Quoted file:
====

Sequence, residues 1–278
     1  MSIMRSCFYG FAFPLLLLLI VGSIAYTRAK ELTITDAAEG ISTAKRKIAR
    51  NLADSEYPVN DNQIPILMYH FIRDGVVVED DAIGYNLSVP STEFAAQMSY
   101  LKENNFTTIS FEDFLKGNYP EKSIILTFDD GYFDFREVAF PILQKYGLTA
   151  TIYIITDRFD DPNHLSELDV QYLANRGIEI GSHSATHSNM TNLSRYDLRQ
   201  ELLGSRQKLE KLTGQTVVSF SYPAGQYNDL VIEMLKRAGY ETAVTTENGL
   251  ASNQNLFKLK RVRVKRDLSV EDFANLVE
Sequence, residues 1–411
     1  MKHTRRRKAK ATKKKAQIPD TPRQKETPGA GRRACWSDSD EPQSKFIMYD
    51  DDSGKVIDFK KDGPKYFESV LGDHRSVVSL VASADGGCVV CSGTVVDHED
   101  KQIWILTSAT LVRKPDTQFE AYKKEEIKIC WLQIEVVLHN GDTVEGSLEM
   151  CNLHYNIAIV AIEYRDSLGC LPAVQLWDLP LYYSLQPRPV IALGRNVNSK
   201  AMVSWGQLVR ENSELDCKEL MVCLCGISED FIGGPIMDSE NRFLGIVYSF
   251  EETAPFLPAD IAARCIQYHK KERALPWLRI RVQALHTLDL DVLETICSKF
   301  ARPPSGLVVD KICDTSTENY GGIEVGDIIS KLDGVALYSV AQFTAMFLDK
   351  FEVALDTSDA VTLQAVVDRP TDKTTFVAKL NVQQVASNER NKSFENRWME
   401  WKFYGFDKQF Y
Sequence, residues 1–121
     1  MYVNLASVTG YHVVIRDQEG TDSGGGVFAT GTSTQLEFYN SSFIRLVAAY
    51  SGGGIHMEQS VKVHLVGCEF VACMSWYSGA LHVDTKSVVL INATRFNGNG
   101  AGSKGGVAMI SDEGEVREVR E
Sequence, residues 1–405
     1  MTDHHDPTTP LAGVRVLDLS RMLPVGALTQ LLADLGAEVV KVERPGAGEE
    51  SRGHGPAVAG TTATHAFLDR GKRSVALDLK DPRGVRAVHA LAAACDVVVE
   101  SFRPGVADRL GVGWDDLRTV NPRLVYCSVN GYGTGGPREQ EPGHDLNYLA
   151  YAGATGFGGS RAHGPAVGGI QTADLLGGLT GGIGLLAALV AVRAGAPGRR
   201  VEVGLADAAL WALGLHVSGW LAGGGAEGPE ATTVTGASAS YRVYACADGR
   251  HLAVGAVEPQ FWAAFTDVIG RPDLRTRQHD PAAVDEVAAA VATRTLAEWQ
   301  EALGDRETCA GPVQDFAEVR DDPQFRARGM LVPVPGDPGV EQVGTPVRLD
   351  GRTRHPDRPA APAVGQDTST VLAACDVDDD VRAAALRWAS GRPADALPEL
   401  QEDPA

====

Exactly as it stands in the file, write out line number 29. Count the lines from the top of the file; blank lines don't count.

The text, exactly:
   301  EALGDRETCA GPVQDFAEVR DDPQFRARGM LVPVPGDPGV EQVGTPVRLD